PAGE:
Toyo Ito interview at Omishima Island: Architecture then, now and next (3)
Part III: Architecture now and next
If you have already read Part I and II of the interview, you may have noticed that Toyo Ito’s vision for architecture is not limited/restricted by what modern architecture means to our society. He looks far beyond – or goes far back to the fundamentals. Instead of diving deep into up-to-date design/engineering details that define prestige projects today, he often talks about “remembering the Jomon era and inherent abilities of humans that modern people almost forgot.” The Jomon is the Japanese prehistoric, hunter-gatherer era (albeit surprisingly civilized), during which people obviously did not have knowledge-based disciplines such as geometry or architecture. But Ito doesn’t solely rely on modern disciplines to define his “architecture” – he embraces rudimentary endeavors by humans to construct anything meaningful in order to resiliently adapt to the surrounding environment and thrive, by taking advantage of what nature has left for them. In that sense, “architecture” for Ito may not even be just about buildings and their design; it concerns fundamental ideas/behaviors of creating something in between the humans world and nature.
In Part III, he talks how he is incorporating his philosophy into real projects, including the community revitalization projects on the island of Omishima in Western Japan.
Your works are eye-opening in many ways. How does your actual work process look like when you create something so uniquely connected to nature?
It almost sounds like people’s senses are part of natural world, and their sensorial values play a big role in your architecture. But when modern technology isolates us from the harsh exterior environment, that damages our senses. We no longer leverage them to adjust to the environment – technology adjusts the indoor environment for us. Is that how things should work? How do you leverage technology to “connect inside and outside?”
It sounds like your version of “efficient architecture” lets users define/achieve efficiency by leveraging technology.
Along those lines, I have a secret desire to design a concert theater in which you can even lie down to listen to the music, if that’s what you want to do. But as you know, everyone expects to sit in a comfortable chair and behave politely when attending a concert. So maybe no one will commission such a project, I guess (laugh).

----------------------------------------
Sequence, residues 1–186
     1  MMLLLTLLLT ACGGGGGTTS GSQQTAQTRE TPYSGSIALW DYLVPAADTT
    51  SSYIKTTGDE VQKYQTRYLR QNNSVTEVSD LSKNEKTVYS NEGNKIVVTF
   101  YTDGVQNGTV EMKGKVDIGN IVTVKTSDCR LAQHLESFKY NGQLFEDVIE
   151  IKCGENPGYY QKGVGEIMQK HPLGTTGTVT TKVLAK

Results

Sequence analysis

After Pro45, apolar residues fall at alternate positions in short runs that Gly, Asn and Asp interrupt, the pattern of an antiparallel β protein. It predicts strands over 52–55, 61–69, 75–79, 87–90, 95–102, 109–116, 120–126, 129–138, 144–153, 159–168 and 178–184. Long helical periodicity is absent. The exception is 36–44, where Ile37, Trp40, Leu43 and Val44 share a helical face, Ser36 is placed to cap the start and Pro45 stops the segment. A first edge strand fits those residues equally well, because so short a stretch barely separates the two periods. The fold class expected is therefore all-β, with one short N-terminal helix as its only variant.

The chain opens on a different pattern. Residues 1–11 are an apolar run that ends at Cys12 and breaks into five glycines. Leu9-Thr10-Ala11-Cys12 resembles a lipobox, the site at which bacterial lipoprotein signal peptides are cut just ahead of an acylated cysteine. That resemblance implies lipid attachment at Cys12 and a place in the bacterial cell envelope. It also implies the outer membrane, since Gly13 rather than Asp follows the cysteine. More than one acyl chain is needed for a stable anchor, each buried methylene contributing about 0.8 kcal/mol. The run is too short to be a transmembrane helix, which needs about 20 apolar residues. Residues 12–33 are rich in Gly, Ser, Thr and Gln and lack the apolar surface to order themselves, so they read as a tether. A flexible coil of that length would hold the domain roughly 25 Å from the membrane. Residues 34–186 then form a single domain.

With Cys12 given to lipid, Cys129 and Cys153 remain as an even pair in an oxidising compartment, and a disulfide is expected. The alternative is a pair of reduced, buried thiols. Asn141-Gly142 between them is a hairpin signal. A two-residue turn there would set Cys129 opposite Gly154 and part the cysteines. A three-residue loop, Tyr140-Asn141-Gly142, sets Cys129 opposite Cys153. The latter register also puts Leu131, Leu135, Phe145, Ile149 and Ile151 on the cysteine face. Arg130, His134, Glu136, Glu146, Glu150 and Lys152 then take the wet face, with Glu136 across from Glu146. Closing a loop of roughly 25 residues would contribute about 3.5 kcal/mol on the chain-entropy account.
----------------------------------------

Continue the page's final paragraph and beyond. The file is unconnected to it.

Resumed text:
The Toyo Ito Museum of Architecture, Imabari opened in Omishima lsland in 2011. Ever since, you have been heavily involved in various local community revitalization activities. Omishima looks to be a very unique place for you to realize the kind of architecture as an extension of nature you have been talking, because the place still retains an almost mythological, pristine environment – although the new freeway systems that recently connected the island with the mainland is changing the dynamics in many aspects. What is your mission here?
The old people who have been here for their entire lives are not really enthusiastic about starting new projects. They say “We are good. We don’t need anything anymore. We are just happy even though we don’t have much money.” In the meantime, young people keep leaving because they can’t find jobs on the island. There is only one high school here, but it’s on the verge of shutting down because there are not enough students. We are trying to help so that it can stay open, but it’s a difficult situation.
The dilemma of this island is how to balance the preservation of a rich heritage with revitalization. If local people choose not to rely on economic development, or high-impact tourism to prosper (because that could damage the natural environment nor local traditions), what are the alternative options? That’s the theme we have been working on with local people, and that’s the reason why I named the current exhibition at my museum “Protecting = Creating the Sacred Island of Omishima.” We need to inherit/protect what our ancestors left to us, but can we leverage it as drivers/sources to re-create a vibrant local economy and a happier community? That’s our goal.
Could you tell us a little bit about ongoing projects?
The projects that Ito’s team have been running on Omishima go far deeper than designing buildings; it’s almost about designing a “beyond-modern” blueprint for a resilient and self-sufficient community that is appropriately connected and interacting with nature. Deepest thanks to Toyo Ito, who was gracious to share his current thinking in such a special setting. What a priceless experience to reflect what modernism has been all about in the thick of pristine environment, from where every one of us came from. At a profound level, the message he is sending from Omishima is critically relevant as we enter critical junction of history. Stay tuned with his next action.
READ MORE ABOUT TOYO ITO’s OMISHIMA PROJECT